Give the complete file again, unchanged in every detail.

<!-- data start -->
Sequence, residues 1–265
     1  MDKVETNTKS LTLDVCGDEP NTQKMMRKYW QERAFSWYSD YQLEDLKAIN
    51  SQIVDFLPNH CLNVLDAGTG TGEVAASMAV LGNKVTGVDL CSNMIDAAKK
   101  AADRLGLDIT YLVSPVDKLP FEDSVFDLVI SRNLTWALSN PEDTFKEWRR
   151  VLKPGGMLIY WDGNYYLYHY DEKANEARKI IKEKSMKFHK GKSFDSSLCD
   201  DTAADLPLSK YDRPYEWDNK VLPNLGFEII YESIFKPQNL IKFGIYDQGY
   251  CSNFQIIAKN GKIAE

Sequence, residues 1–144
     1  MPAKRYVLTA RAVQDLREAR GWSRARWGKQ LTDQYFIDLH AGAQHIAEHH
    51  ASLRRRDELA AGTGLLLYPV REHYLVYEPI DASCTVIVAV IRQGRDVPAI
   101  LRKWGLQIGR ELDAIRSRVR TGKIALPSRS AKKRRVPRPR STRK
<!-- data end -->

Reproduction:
Sequence, residues 1–265
     1  MDKVETNTKS LTLDVCGDEP NTQKMMRKYW QERAFSWYSD YQLEDLKAIN
    51  SQIVDFLPNH CLNVLDAGTG TGEVAASMAV LGNKVTGVDL CSNMIDAAKK
   101  AADRLGLDIT YLVSPVDKLP FEDSVFDLVI SRNLTWALSN PEDTFKEWRR
   151  VLKPGGMLIY WDGNYYLYHY DEKANEARKI IKEKSMKFHK GKSFDSSLCD
   201  DTAADLPLSK YDRPYEWDNK VLPNLGFEII YESIFKPQNL IKFGIYDQGY
   251  CSNFQIIAKN GKIAE

Sequence, residues 1–144
     1  MPAKRYVLTA RAVQDLREAR GWSRARWGKQ LTDQYFIDLH AGAQHIAEHH
    51  ASLRRRDELA AGTGLLLYPV REHYLVYEPI DASCTVIVAV IRQGRDVPAI
   101  LRKWGLQIGR ELDAIRSRVR TGKIALPSRS AKKRRVPRPR STRK